I regularly read articles about the imminent demise of real estate agents. Youâ€™ve seen them too. They go like this:
The internet is changing how real estate is bought and sold; see websites A, B and C. Consumers now have access to information they never had before. As more folks peer behind the curtain, real estate agents are going to suffer from fewer deals and lower commissions. The end is near!
Although I agree with much of the standard template, there are usually two critical assumptions that get glossed over, resulting in a conclusion (real estate agents are the next dodo bird) that I disagree with.
The first implicit assumption is that the only thing real estate agents do is match buyers and sellers. Thatâ€™s the most visible part, but thereâ€™s actually more to it than that. Weâ€™ll save that story for another day.
The second implicit assumption is that real estate agents will ignore the internet revolution and cling to the status quo. Hopefully this blog is evidence enough that at least some agents are working hard to evolve their business to capture the best features of the internet.
Recent history has provided two examples of service industries that have been reshaped by the internet; travel agencies and stock brokerages.
Our family used to buy plane tickets through a travel agent â€“ there was no other option. Now, nearly everyone that I know uses the internet to book their own trips. Yet travel agents remain. Successful agencies seem to focus on corporate travel, where the agency is able to manage and report on the travel of a diverse group of people, or packaged trips and other value-added services that capitalize on an agentâ€™s unique knowledge. Travel agencies seemed at especially high risk for significant change because of the small transaction sizes, the relatively frequent purchases and the standardized products (all flights are basically the same).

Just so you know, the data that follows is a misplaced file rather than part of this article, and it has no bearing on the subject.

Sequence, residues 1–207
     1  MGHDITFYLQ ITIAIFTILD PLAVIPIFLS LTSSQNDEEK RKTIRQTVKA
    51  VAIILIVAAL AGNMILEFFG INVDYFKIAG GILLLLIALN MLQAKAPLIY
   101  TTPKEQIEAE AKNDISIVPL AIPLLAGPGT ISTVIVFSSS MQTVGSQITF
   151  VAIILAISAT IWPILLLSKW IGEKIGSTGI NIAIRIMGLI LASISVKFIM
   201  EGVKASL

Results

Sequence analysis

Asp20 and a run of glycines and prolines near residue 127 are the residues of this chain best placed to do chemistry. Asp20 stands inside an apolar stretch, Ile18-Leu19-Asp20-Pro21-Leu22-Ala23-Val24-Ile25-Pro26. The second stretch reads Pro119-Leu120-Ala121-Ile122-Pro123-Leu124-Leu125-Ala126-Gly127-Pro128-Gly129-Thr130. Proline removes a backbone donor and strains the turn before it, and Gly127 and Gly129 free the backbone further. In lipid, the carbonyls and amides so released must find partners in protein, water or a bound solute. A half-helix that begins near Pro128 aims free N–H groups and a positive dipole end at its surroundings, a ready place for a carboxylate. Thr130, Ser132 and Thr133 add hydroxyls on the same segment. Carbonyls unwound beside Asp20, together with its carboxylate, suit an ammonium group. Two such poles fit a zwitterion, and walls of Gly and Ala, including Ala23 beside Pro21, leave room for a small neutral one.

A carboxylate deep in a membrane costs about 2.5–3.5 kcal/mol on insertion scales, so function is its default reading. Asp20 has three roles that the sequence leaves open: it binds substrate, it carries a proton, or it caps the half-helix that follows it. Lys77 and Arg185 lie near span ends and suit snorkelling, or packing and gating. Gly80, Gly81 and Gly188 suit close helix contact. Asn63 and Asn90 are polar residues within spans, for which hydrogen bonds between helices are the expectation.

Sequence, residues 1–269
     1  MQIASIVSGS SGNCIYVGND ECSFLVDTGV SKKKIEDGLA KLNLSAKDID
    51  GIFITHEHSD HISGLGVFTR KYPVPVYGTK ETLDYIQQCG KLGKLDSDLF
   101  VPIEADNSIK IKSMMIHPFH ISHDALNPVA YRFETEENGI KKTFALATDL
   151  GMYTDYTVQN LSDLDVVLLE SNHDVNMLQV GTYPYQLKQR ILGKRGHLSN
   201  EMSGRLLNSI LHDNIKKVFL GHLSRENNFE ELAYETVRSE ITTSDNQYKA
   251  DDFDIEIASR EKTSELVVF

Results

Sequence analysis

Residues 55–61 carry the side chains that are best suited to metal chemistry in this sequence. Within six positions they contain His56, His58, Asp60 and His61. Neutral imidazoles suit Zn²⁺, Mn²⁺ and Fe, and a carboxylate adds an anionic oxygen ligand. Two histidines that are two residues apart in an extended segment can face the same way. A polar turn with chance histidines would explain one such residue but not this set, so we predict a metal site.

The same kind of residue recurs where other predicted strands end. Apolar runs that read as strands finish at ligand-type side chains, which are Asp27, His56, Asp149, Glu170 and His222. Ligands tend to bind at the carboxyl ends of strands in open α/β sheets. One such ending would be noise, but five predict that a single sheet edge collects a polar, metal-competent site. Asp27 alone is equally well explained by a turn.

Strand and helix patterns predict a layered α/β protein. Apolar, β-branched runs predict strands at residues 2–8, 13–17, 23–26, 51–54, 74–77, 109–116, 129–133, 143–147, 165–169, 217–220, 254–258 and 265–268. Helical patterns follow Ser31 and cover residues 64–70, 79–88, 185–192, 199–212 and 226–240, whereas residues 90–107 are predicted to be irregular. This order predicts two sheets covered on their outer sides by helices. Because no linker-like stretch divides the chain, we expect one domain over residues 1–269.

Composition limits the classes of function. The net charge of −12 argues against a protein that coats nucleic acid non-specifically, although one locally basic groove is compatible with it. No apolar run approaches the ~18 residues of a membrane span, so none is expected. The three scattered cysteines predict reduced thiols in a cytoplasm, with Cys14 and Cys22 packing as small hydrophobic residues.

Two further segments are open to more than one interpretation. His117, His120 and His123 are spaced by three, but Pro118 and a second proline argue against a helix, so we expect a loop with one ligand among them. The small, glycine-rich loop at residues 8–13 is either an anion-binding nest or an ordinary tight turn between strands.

In a similar way, stock brokers used to be the only access point to the financial markets. The internet was able to open the investment world to dramatically more participants, and the industry evolved in response. Today, financial advisors focus more on providing strategy and advice and less on gathering data and executing transactions. One could argue that financial services firms have benefited greatly from the internet because they are now able to provide higher-margin services to a more sophisticated and knowledgeable set of clients.
The real estate market will also evolve with technology, just like the travel agencies and stock brokerages. Despite the regular proclamations that the apocalypse is upon us, real estate agents will continue to play an important role for the foreseeable future. Buyers and sellers will continue to seek out professional advice forÂ their very large and infrequent transactions that involve a completely unique property.
Like the NBC public service announcements, the more you know the better. Technology helps buyers and sellers know more about the markets and the process. Technology also helps agents stay on top of their markets more effectively. Most importantly, technology reduces busywork so that real estate agents can provide a higher level of service and advice, becoming more of an advisor throughout the transaction.Â As Michael Scott would be happy to report, it’s aÂ win, win, win!